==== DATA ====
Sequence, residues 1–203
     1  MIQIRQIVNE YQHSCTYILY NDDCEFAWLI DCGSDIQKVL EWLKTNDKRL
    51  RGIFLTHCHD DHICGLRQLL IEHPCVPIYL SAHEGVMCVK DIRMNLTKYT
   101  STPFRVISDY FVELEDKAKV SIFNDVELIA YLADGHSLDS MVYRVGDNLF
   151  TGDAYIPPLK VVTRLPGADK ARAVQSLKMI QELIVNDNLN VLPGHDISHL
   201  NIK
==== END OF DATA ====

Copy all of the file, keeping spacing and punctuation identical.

Sequence, residues 1–203
     1  MIQIRQIVNE YQHSCTYILY NDDCEFAWLI DCGSDIQKVL EWLKTNDKRL
    51  RGIFLTHCHD DHICGLRQLL IEHPCVPIYL SAHEGVMCVK DIRMNLTKYT
   101  STPFRVISDY FVELEDKAKV SIFNDVELIA YLADGHSLDS MVYRVGDNLF
   151  TGDAYIPPLK VVTRLPGADK ARAVQSLKMI QELIVNDNLN VLPGHDISHL
   201  NIK